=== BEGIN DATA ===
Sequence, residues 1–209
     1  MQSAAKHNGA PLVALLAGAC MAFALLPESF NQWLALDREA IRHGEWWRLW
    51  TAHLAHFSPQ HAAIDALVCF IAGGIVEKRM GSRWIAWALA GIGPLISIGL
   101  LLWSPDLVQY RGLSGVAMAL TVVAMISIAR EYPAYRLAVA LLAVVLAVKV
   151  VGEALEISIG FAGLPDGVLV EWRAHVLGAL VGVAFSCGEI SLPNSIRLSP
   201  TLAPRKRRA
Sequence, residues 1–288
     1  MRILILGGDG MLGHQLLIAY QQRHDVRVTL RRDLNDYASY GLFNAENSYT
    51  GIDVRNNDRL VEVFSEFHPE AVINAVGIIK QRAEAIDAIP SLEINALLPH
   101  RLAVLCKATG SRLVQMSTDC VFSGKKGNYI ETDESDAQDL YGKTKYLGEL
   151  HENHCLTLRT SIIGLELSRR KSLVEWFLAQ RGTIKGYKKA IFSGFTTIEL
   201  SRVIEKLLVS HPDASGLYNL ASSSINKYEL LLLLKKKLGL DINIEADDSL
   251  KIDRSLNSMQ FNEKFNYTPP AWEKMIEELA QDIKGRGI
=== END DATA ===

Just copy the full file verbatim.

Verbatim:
Sequence, residues 1–209
     1  MQSAAKHNGA PLVALLAGAC MAFALLPESF NQWLALDREA IRHGEWWRLW
    51  TAHLAHFSPQ HAAIDALVCF IAGGIVEKRM GSRWIAWALA GIGPLISIGL
   101  LLWSPDLVQY RGLSGVAMAL TVVAMISIAR EYPAYRLAVA LLAVVLAVKV
   151  VGEALEISIG FAGLPDGVLV EWRAHVLGAL VGVAFSCGEI SLPNSIRLSP
   201  TLAPRKRRA
Sequence, residues 1–288
     1  MRILILGGDG MLGHQLLIAY QQRHDVRVTL RRDLNDYASY GLFNAENSYT
    51  GIDVRNNDRL VEVFSEFHPE AVINAVGIIK QRAEAIDAIP SLEINALLPH
   101  RLAVLCKATG SRLVQMSTDC VFSGKKGNYI ETDESDAQDL YGKTKYLGEL
   151  HENHCLTLRT SIIGLELSRR KSLVEWFLAQ RGTIKGYKKA IFSGFTTIEL
   201  SRVIEKLLVS HPDASGLYNL ASSSINKYEL LLLLKKKLGL DINIEADDSL
   251  KIDRSLNSMQ FNEKFNYTPP AWEKMIEELA QDIKGRGI